7 months ago

Replying to jorbin:

I'm really not sure what many of the comments here are about, but they don't seem to be about coming up with a strategy for upgrading the minimum version of PHP. They aren't suggesting concrete plans for when the minimum version increases process should be triggered( Is it when we hit 1% of all sites? 0.5% of the last two major versions? something else?) or what that process should look like ( Is it a 2-year process, a 4 major release process, or something different? What are the steps of the process?).

Well, just about everything possible has probably already been proposed in very general terms. The reason why it keeps going in circles is that nothing that is suggested seems to gain any traction with core devs.

"Just do it" isn't a process and that level of hostility towards millions of users isn't something I'm comfortable with.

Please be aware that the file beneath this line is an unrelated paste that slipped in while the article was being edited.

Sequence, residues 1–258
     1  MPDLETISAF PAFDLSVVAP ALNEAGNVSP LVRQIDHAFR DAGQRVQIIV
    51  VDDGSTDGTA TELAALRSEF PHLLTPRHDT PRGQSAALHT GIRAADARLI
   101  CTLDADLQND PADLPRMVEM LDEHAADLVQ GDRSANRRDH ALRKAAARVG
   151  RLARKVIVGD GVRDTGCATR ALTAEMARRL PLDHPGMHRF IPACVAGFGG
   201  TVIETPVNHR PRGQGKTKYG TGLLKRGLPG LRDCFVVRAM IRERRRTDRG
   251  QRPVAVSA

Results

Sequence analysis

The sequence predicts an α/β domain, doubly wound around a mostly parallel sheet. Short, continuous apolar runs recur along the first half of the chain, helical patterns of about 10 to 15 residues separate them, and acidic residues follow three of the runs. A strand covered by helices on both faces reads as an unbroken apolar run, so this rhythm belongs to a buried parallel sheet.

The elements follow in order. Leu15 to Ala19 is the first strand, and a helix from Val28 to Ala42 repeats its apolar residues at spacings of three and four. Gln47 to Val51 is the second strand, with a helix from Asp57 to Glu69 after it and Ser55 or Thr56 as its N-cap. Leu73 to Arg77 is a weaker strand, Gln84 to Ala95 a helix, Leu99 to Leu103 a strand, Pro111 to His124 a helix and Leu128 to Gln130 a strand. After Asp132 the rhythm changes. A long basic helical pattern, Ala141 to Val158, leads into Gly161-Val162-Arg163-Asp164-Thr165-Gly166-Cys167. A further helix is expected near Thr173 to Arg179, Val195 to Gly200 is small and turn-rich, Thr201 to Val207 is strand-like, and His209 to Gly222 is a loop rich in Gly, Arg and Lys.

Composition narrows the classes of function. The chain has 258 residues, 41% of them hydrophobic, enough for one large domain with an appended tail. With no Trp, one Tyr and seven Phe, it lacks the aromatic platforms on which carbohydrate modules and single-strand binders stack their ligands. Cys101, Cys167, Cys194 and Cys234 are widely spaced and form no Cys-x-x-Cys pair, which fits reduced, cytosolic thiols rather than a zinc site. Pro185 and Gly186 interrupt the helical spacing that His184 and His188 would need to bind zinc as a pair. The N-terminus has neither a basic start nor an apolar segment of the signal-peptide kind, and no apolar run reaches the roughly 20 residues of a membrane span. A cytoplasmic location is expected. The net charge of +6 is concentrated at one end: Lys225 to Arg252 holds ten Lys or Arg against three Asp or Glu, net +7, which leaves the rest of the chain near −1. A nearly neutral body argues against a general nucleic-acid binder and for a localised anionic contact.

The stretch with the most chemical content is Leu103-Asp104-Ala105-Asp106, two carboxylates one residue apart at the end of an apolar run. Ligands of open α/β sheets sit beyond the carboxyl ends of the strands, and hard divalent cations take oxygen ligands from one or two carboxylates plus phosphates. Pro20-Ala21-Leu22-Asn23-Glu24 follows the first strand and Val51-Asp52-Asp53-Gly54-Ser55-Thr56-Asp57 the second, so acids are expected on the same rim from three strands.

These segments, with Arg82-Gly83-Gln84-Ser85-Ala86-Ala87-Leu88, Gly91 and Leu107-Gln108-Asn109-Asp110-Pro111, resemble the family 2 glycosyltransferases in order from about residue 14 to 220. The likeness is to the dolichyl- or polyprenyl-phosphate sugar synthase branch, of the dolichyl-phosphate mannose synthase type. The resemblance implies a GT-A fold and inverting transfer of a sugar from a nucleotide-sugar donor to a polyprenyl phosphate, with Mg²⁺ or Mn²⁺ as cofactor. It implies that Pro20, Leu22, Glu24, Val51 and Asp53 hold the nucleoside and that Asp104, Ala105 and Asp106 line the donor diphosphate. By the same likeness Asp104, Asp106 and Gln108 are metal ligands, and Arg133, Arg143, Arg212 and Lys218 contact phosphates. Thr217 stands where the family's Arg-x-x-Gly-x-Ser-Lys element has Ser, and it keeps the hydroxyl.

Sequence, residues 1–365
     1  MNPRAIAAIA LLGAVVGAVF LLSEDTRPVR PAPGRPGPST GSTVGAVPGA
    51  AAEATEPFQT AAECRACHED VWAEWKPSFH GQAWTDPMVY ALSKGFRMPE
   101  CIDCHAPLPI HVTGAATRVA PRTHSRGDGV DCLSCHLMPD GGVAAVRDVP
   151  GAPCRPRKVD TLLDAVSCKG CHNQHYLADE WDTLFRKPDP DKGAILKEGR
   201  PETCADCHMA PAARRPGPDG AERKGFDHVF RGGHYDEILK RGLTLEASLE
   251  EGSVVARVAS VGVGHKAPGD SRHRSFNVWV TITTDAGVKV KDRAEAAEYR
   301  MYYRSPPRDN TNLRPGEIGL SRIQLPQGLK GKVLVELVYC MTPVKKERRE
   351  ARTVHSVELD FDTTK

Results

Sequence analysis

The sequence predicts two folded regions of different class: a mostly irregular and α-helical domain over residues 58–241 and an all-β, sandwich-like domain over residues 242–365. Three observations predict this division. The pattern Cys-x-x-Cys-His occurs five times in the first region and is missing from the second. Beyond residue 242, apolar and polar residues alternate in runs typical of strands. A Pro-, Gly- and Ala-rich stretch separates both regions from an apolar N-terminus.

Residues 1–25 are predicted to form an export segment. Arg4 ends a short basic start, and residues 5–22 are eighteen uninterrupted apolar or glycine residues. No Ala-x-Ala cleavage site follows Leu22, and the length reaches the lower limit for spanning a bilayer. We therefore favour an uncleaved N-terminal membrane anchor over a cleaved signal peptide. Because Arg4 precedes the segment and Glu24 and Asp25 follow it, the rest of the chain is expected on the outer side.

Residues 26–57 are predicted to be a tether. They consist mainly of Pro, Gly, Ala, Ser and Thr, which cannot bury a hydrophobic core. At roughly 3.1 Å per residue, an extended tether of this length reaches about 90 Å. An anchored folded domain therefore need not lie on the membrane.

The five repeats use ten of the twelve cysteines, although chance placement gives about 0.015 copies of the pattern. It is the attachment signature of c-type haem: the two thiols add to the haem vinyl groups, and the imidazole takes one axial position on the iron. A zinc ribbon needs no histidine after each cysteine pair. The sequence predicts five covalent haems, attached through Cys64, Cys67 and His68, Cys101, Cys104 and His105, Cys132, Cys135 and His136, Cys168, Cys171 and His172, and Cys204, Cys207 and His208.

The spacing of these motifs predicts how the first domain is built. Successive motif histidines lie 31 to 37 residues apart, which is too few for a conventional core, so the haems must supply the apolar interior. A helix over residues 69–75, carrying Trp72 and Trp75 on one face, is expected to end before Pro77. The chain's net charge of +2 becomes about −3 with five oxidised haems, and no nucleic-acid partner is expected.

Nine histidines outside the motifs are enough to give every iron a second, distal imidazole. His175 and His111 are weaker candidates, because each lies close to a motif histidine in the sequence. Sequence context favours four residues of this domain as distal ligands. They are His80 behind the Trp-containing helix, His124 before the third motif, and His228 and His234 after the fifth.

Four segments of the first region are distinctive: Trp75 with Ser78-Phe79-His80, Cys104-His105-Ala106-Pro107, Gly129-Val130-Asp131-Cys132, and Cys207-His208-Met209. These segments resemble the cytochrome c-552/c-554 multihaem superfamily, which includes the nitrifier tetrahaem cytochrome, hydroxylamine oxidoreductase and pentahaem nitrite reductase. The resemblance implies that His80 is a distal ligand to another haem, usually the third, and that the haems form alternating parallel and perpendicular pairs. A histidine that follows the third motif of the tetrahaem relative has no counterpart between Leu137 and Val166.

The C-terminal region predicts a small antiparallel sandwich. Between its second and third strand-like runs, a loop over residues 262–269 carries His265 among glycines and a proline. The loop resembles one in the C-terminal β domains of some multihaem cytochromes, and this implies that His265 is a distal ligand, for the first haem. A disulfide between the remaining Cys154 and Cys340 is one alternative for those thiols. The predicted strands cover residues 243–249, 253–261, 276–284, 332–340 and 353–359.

I'm not sure anyone has really suggested that, and I think everybody applauds the fact that WordPress is putting users first. If it comes across otherwise, apologies.

One thing that I think predates implementing any sort of process is coming up with some user level educational materials about 1) What PHP (and for that matter, MySQL and other server technologies) are 2) Why new versions are important and 3) How to go about upgrading. I would love to see someone step up and own the creation of that matterial.

I 100% agree. I would point out though that this is a 180° turn-around from the previous stance, which seemed to be that users should never have to know anything about this technology. So I absolutely agree that we should revisit the admin notice idea with good docs for all of this in place. Here are some user docs regarding PHP that I recently wrote up for a plugin, in preparation for potentially upping the PHP version in the future. It is partly based on BuddyPress's docs.

#115 in reply to: ↑ 111 @fightthecurrent
7 months ago

Replying to jorbin:

I'm really not sure what many of the comments here are about, but they don't seem to be about coming up with a strategy for upgrading the minimum version of PHP.